Paragraph 3.14 of the IMF GFSM 2014 also specifies that there is uncertainty if the contributing unit will receive any benefits and, if it does receive benefits, they may bear no relation to the amount of the premiums previously paid. Non-life insurance claims are also treated as transfers in GFS. This type of insurance entitles the units making the payment to benefits only if one of the events specified in the insurance contract occurs. That is, one unit pays a second unit for accepting the risk that a specified event may occur to the first unit. Non-life claims are considered transfers because in the nature of the insurance business, they distribute income between policyholders to those who claim, as opposed to all policyholders who contribute.
In GFS, transfers may be either current or capital in nature.
Capital transfers are defined in paragraph 3.16 of the IMF GFSM 2014 as transfers in which the ownership of an asset (other than cash or inventories) changes from one party to another; or that oblige one or both parties to acquire or dispose of an asset (other than cash or inventories); or where a liability is forgiven by the creditor. Capital transfers are typically large and infrequent, but capital transfers cannot be defined in terms of size or frequency. Cash transfers involving disposals of non-cash assets (other than inventories) or acquisition of non-cash assets (other than inventories) are also considered to be capital transfers. A capital transfer results in a commensurate change in the stock position of assets of one or both parties to the transaction.
A transfer in kind without a charge is a capital transfer when it consists of:
- the transfer of ownership of a non-financial asset (other than inventories);
- the forgiveness of a liability by a creditor when no corresponding value is received in return; and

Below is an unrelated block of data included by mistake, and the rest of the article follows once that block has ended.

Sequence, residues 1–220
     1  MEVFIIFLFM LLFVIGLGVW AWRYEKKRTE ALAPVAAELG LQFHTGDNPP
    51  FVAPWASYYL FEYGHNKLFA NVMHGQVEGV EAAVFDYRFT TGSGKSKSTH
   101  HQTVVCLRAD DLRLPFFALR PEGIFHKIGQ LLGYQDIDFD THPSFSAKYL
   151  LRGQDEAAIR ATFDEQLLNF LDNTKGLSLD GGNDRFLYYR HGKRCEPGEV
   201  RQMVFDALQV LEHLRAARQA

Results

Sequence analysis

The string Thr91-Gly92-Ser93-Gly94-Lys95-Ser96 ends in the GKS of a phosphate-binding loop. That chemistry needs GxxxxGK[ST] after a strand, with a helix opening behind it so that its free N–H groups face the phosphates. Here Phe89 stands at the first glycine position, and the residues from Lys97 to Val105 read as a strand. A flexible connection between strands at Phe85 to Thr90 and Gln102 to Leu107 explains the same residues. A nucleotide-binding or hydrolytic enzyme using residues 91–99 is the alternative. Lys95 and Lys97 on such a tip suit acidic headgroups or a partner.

- major non-recurrent payments in compensation for accumulated losses or extensive damages or serious injuries not covered by insurance policies.
A transfer of cash is a capital transfer when it is linked to (or conditional on) the acquisition or disposal of a non-financial produced asset by one or both parties to the transaction.
Current transfers are defined in paragraph 3.17 of the IMF GFSM 2014 as all transfers that are not capital transfers. Current transfers directly affect the level of disposable income and influence the consumption of goods or services. That is, current transfers reduce the income and consumption possibilities of the donor and increase the income and consumption possibilities of the recipient. For example, social benefits, subsidies and food aid are current transfers.
Paragraph 3.18 of the IMF GFSM 2014 states that it is possible that some cash transfers may be regarded as capital transfers by one party to the transaction and as current transfers by the other party. In order to ensure that a donor and a recipient do not treat the same transaction differently, a cash transfer should be classified as capital for both parties even if it involves the acquisition or disposal of an asset, or assets, by only one of the parties. When there is doubt about whether a transfer should be treated as current or capital, it should be treated as a current transfer.
Combinations of exchanges and transfers
Some transactions appear to be exchanges but are actually combinations of an exchange and transfer. Paragraph 3.11 of the IMF GFSM 2014 states that in such cases, a transaction should be partitioned (see explanation in paragraph 3.31 to 3.32 of this manual for the definition) and recorded as two separate transactions, one that is only an exchange and one that is only a transfer. An example of this type of transaction is where a general government unit sells an asset at a price that is clearly less than the market value of the asset, or at a price that is clearly above the market value of the asset. In this example, the transaction should be divided into an exchange at the asset's market value, and a transfer equal in value to the difference between the sale price and the market value.
Monetary and non-monetary transactions
The GFS system also includes transactions in which the final consideration is cash (known in GFS as monetary transactions), as well as transactions in kind (known in GFS as non-monetary transactions).
Monetary transactions are defined in paragraph 3.8 of the IMF GFSM 2014 as those in which one institutional unit makes a payment (or receives a payment), incurs a liability (or receives an asset), to (or from) another institutional unit stated in units of currency. In GFS, all flows are recorded in monetary terms, but the distinguishing feature of a monetary transaction is that the parties involved express their agreement in monetary terms. For example goods or services are usually purchased (or sold) at a given number of units of currency per unit of the good or service. All monetary transactions are interactions between two institutional units, recorded as either an exchange or a transfer (see paragraphs 3.15 to 3.18 of this manual for the definition).